Supa CEO Mark Koh discusses the importance of diversity in the Machine Learning process in order to create ethical AI systems.
By Mark Koh
The artificial intelligence industry is expected to grow by more than 10-fold in the next decade and as machines equipped with AI become more ubiquitous, it’s imperative that they operate in a trustworthy manner.
For AI models to be fully functional, we have to look at more than just the technical issues. There are also ethical issues to consider. Although we may only be in the early stages of an AI boom, we must integrate ethics into AI development, starting now.
There are many steps in the AI development process but they can be boiled down to three main parts: learning, reasoning and self-correcting. At each of these points, there are algorithms involved.
In the learning aspect, programming algorithms for the AI model requires data acquisition and labelling. Reasoning requires the AI to choose the best algorithm for a specific situation, and later self-correct, continually improving until it achieves its purpose.
At every stage — from as early in the process as planning for data collection to adding further improvements to the AI — there is the potential for bias to creep into the final product. These biases often arise due to lack of diversity within the industry and often result in mistakes that are unacceptable in a machine that is supposedly fully functional.
When AI mistakes become dangerous
Some mistakes — like a chatbot responding oddly to a comment — may be considered funny. Other mistakes are discriminatory, like face recognition software not working as well for women compared to men, or incorrect labeling someone in a kitchen as “woman”.
Some mistakes can be perilous. For example, in 2017, a Palestinian man was arrested and questioned by the Israel Police after Facebook’s automated translation interpreted his “good morning” caption as “to hurt”.
Research conducted on the healthcare industry has shown that there have been “racial disparities” in pain management for children, where African-American children were less likely to be given medications for moderate to severe pain. Imagine an AI healthcare system that learns from these records.
These sorts of mistakes are more than just discriminatory or unfair. They are dangerous. And every single time an AI makes a decision, there is a possibility for detrimental results. Should only limited demographics be totally represented across the entire process of AI development?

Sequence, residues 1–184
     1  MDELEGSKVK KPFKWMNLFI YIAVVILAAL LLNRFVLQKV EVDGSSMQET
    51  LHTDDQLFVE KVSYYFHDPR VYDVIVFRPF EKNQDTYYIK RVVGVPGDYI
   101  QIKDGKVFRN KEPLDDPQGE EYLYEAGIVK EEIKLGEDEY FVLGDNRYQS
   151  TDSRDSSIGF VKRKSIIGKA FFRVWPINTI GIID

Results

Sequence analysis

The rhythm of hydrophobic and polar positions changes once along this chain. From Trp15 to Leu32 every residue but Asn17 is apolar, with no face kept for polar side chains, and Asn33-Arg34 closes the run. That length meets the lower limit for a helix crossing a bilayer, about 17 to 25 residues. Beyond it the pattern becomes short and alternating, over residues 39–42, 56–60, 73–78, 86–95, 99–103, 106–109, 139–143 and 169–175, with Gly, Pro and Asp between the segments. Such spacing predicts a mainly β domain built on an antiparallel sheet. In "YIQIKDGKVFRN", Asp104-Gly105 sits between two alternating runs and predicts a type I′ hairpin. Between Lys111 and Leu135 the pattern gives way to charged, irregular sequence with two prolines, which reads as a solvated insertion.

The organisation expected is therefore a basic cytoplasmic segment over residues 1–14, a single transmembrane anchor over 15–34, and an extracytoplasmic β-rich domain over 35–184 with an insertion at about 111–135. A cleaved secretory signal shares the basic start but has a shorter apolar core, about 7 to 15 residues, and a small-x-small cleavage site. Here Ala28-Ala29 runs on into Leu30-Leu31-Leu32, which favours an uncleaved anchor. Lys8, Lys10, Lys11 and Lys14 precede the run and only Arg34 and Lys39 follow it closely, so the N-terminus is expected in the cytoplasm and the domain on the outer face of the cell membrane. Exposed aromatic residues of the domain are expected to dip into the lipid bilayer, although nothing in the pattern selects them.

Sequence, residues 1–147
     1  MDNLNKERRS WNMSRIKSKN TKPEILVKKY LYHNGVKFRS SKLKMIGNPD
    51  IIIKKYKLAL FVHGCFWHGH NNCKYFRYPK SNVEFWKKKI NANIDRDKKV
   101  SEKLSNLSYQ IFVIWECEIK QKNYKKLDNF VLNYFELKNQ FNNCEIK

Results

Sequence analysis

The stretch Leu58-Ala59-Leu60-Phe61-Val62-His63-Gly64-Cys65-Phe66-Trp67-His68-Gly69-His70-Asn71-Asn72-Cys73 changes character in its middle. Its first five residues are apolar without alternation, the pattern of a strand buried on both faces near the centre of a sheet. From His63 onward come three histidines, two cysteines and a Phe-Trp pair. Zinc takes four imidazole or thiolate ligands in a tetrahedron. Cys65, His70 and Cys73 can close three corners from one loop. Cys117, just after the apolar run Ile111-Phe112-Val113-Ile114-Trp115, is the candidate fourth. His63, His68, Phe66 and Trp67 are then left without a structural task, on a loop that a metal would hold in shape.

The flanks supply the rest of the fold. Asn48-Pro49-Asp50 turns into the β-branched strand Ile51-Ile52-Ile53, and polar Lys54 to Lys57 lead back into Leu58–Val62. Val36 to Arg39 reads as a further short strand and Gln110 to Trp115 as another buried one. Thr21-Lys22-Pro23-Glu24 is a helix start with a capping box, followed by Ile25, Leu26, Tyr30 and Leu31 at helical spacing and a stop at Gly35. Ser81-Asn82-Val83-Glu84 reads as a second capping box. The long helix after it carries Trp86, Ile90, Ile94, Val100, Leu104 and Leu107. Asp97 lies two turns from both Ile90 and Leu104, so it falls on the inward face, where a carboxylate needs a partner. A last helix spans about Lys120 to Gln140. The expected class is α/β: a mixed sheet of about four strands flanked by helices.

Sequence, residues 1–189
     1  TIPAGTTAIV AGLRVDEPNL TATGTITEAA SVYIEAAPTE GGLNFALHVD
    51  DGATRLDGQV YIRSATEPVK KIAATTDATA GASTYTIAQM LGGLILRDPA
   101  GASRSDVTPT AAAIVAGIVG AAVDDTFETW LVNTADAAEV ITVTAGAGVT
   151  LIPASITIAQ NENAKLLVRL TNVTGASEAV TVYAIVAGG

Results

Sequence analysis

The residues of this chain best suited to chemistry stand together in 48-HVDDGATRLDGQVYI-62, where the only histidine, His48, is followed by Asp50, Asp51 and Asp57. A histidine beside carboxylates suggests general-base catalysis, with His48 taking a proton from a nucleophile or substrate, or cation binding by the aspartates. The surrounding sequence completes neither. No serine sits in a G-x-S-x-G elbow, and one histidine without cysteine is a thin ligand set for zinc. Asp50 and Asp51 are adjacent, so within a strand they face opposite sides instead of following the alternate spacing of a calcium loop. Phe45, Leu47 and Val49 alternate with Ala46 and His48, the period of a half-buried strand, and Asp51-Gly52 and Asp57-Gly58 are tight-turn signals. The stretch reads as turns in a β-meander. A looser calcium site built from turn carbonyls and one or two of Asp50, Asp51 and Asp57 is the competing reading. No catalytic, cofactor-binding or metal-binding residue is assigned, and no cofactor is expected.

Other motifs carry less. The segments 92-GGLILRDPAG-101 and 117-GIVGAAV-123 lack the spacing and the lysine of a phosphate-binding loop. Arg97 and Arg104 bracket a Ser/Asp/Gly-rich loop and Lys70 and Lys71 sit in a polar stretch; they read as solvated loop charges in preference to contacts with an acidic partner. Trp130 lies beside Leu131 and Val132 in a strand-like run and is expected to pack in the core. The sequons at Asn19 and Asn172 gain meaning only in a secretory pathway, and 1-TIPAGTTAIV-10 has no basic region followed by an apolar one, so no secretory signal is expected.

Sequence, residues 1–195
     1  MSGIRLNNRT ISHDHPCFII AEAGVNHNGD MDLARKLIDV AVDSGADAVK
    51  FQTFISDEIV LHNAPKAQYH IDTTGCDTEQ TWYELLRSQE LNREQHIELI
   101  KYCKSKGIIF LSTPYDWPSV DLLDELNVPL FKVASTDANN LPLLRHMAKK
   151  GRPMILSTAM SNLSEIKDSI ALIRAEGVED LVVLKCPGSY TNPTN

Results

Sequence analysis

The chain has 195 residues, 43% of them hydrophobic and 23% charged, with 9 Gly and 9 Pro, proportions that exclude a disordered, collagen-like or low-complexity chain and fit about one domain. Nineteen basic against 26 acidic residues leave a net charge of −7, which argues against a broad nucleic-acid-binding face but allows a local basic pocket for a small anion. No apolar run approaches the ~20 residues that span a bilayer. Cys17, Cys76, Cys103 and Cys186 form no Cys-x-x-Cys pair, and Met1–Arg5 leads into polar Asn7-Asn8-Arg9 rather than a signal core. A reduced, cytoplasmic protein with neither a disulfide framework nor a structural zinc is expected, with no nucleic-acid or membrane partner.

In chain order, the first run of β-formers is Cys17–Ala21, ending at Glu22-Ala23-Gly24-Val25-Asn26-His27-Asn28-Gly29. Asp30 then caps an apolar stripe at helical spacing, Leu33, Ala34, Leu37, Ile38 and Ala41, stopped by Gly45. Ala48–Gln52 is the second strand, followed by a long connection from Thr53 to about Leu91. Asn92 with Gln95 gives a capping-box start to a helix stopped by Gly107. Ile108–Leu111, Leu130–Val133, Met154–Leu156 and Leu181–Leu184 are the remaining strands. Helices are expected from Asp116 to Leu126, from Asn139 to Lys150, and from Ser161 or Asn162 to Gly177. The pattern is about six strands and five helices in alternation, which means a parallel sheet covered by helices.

If we are looking to integrate ethics into AI development, we must start by introducing diversity in every step of the process — from data collection all the way to product testing.
At the data collection stage, it’s important to think about how the data is collected, processed and labeled. Have things like cultural bias been taken into account when collecting data? Is the data reliable? How is the data processed so that it is representative of all the situations a machine might encounter?
When collecting and processing training data, it’s important that data scientists are aware of possible biases. Some ways to counter this would be to ensure sufficient data collection from varied samples. This in itself is a lengthy process that requires mindfulness.
From the beginning, someone in charge of the process would have to ask questions like: do we have enough data, are there existing datasets that we can use, and how do we generate data that we can use? If there is enough data, would we need to improve existing models? Or do we need more labeled data for better machine learning?
At the data labeling phase, having a diverse labeling team can help to eliminate bias in training data sets, which results in data sets that are truly accurate and of high quality.
Most people often think of gender when diversity is brought up, but it’s more extensive than that. Race, age, religion, culture and even income can be factors that might affect how AI can be applied.
For example, teenagers might use emojis to mean something different from what a 40-something person might use it for. An AI-powered car safety system that is trained using only male-centric data for body weight and sizes could make fatal errors in the case of female users, who generally have lower body weight and size.
As AI systems play larger roles in decision-making processes, it’s imperative that they are built on inclusive models. In order to do this, everyone who plays a role in the development process — no matter how big or small — must do their part to call out biases or be aware of disparities.
And leaders in the tech industry, whether it’s a founder or a CEO or a CTO, must cultivate a work environment that rewards diversity, curiosity and collaboration. This way, we will find ourselves with AI systems that can be truly “user-friendly” for humans.
It may seem like AI isn’t something that’s part of our daily lives. But it is — from our search engines to face ID unlocking on our phones. As AI becomes more and more ubiquitous, taking over certain services in the future, it’s vital that we get it right.
As this technology evolves, we mustn’t find ourselves in a position where a single person has to decide how AI development is conducted.
It’s too large a responsibility and there are simply too many steps within the process, with too many risks.
It is also a collective responsibility to have diversity and inclusivity built into our part of the process so that we can get the best model at the end.
Ed. Recently, the AI debate has intensified due to the release of ChatGPT on the market and the intensifying AI competition between the tech giants. Photo courtesy of Unsplash+ and Alex Shuper.